Ageing Better in Birmingham

Connecting people over 50 in Birmingham to their communities. 

Welcome to Ageing Better in Birmingham's Learning Depository! The programme is closing down and this website functions as an archive and collection of learning from the programme's seven years of delivery. 

Ageing Better in Birmingham began in 2015 to reduce loneliness and social isolation amongst people over 50 and to help them to live fulfilling lives. It was funded by the National Lottery Community Fund and was one of 14 Ageing Better programmes in England working to explore what works in reducing loneliness and isolation through a test and learn approach.  

It was delivered by a partnership of organisations across the city, led by Birmingham Voluntary Service Council (BVSC). It built upon the strengths and skills of individuals and groups to help create sustainable change within communities.

Together, we reached over 10,300 people across the city.

Here you can find out more about what the programme achieved, information about social isolation and loneliness in Birmingham and also resources to support the programme's legacy. 

Have a browse!

Ageing Better in Birmingham 2015 -2022 Infographic

Find out how we worked to get Birmingham's older citizens connected

Useful resources & learning

Why do we need to focus on LGBT experiences in care homes? Ageing Better in Birmingham recorded a podcast episode about their aspiration for a new project called Changing Practice in Adult Social Care Provision. This episode formed part of the procurement for a provider to deliver this project. 

The Changing Practice in Adult Social Care Provision project aimed to raise awareness of LGBT equality and inclusion and promote the adoption of best practice in Adult Social Care for older LGBT people among Adult Social Care providers, workforce and commissioners in Birmingham. The project also aimed to improve the commissioning, monitoring, inspection and quality standards of Adult Social Care providers with regard to services for older LGBT people in the city.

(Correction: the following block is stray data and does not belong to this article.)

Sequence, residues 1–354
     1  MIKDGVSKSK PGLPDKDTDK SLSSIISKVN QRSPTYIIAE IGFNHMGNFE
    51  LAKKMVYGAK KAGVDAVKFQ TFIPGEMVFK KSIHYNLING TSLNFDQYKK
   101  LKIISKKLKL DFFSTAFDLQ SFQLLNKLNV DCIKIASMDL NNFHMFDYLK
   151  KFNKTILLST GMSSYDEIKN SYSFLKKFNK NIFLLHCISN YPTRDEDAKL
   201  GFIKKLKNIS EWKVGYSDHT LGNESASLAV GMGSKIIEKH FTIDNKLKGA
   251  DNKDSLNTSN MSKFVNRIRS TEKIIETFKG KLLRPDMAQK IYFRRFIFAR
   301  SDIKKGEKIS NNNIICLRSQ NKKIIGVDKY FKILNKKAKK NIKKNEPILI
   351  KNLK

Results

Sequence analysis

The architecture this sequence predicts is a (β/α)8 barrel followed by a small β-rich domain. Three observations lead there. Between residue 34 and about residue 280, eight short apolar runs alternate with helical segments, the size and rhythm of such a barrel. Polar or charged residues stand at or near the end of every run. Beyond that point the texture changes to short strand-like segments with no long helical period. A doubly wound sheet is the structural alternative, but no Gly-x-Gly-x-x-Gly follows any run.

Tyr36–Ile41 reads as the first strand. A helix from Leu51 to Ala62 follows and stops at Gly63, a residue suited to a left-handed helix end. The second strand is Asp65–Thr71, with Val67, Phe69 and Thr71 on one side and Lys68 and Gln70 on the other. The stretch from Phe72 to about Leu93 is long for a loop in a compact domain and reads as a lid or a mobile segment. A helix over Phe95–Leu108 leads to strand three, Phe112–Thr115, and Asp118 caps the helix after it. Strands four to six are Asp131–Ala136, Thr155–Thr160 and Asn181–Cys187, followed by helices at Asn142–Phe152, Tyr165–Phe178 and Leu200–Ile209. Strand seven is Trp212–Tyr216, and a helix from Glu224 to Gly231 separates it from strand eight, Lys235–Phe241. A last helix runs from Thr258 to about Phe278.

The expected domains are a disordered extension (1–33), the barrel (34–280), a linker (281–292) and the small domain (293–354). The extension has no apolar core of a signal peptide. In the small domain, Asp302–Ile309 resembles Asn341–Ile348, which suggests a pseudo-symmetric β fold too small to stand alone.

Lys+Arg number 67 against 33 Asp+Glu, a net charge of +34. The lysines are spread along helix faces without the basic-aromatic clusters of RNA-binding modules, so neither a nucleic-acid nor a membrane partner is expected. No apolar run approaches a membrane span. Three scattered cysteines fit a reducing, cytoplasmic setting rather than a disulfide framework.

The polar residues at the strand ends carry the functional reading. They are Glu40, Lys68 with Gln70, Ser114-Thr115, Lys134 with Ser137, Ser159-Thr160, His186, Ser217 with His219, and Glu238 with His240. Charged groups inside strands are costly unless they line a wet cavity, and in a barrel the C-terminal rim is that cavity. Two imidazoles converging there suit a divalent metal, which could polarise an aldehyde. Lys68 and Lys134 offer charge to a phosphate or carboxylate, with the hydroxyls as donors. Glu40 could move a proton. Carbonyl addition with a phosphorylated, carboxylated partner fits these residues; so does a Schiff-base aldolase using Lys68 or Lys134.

The last 50 years have seen dramatic cultural changes among the British public, which are reflected in positive attitudes towards and acceptance of the equal place of Lesbian, Gay, Bisexual and Trans people. However, evidence highlights that many people in the LGBT community are wary of accessing the health and social care system due to fears of having to go back into the closet or having to repeatedly ‘out’ themselves in unsupportive and sometimes hostile environments. They report that sta‑ and other residents are often not culturally competent to provide a positive experiene of care and that they can be met with open hosility and disengagement.

Examples of a few of the issues experienced by older LGBT people:

  • Difficulties accessing health care that appropriately deals with their sexual identity
  • Denial of older people’s sexuality and identity in social care settings
  • Older LGBT people’s past experiences of negative interactions with health care providers influences the way they engage with and access health services in later life
  • Some older LGBT people describe challenges in forming new heterosexual networks, with difficulties finding common ground or feeling unable to present as their authentic selves.
  • Mental health issues, particularly around suicide have been identified among older LGBT people and especially among transgender and bisexual women and those living in rural areas.

Podcast episode: A conversation about LGBT Experience in Care home settings